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Thomas planning walk to Washington

By By MARY-ALLISON LANCASTER Managing editor
Lisa Thomas is walking again, only this time she's taking her issues to the White House. With a letter in her hand, Thomas is hoping to gain national attention for the plight of the elderly, tax laws in Alabama, hunger and hopes to acquire a two-year moratorium on the death penalty.
This year, Thomas is adding two new issues to her walk, and will address the issues to the governor. She hopes to acquire a moratorium on the death penalty for the state of Alabama and she wants the tax laws to change for the state as well.
Last year, Thomas walked from Brewton to the governor's office in Montgomery, but was unsuccessful in meeting with him. This year, she has made an appointment after she received an open invitation from last year.
Thomas will begin her walk from Brewton to Montgomery on March 21 and hopes to arrive at the Capitol on March 28. She has a set appointment with Gov. Bob Riley at 10 a.m. that Monday.
Joining her will be students from Montgomery who are on Spring Break vacation. They will be coming to Brewton to walk with her. Also accompanying Thomas to the Capitol is Zack Carter, who is an organizer from Montgomery.
Anyone else interested in joining her is welcome to join her, too. From her walk to Montgomery she will go on a hunger strike to show how serious she is about the issues.
After she meets with the governor, Thomas will trek across the country and arrive at the White House. From Brewton to Washington D.C. it is 924 miles and should take Thomas at least 50 days.
Thomas hopes that if she can get at least 20 percent of the people to agree with her about adding a moratorium, maybe she can make a difference. Reform has to happen in the legal system, she said.
Following alongside Thomas will be a van displaying signs and inside will be two cots. She said that hotels cost too much. She is hoping that her friend from California, Linda Smith will drive the van but finding someone to drive the van has been a task all by itself.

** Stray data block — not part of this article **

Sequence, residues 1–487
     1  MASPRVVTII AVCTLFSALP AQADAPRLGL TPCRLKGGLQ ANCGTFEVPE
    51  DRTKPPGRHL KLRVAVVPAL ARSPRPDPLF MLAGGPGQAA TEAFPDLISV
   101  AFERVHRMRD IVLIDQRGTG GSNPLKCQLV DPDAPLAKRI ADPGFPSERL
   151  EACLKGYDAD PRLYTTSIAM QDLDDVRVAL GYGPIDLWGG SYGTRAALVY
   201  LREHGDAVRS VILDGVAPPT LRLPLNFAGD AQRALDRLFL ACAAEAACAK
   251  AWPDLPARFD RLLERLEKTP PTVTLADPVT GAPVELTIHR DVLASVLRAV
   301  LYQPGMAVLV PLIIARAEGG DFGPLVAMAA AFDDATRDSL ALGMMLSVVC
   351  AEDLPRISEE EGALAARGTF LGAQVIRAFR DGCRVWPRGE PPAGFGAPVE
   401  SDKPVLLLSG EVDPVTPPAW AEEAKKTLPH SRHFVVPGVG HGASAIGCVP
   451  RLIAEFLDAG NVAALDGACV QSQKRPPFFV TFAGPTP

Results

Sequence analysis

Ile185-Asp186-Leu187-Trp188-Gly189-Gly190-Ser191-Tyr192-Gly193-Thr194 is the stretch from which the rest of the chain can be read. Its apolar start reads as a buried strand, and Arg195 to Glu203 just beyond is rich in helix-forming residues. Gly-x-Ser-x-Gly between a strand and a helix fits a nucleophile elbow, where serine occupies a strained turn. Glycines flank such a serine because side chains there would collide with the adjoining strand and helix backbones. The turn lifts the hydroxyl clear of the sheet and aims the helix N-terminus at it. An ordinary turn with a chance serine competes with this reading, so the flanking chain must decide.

Thomas also hopes to gain local and national funding for her walk to Washington. For every mile she walks, she hopes to gain at least one person, who in return will donate $25 in order for her to do what she is doing. The funding is open to the public, private and personal sector.
In order to prepare for this year's walk, Thomas has just been walking a little every day. She knows that the kids joining her will build a momentum, and the walk to Montgomery will prepare her for the big walk to Washington.
After this year's walk, Thomas is not promising to walk anywhere else. However, she hopes to make an annual event out of walking to Montgomery. She knows that an annual walk would be great because there is always some type of issue that needs to be addressed.
Along the way to Washington, Thomas will carry with her warm clothes, snacks, a cell phone, beverages and materials to pass out to interested people, which addresses the issues she's taking a stance on.
Friday morning, Thomas got in touch with a field representative for Congressman Jo Bonner. He told her he would give her name to the secretary, and would try to set up a meeting with Bonner. In order for the letter to arrive directly to President Bush, Bonner will attach a personal letter to Thomas' which should ensure the president receives the letter.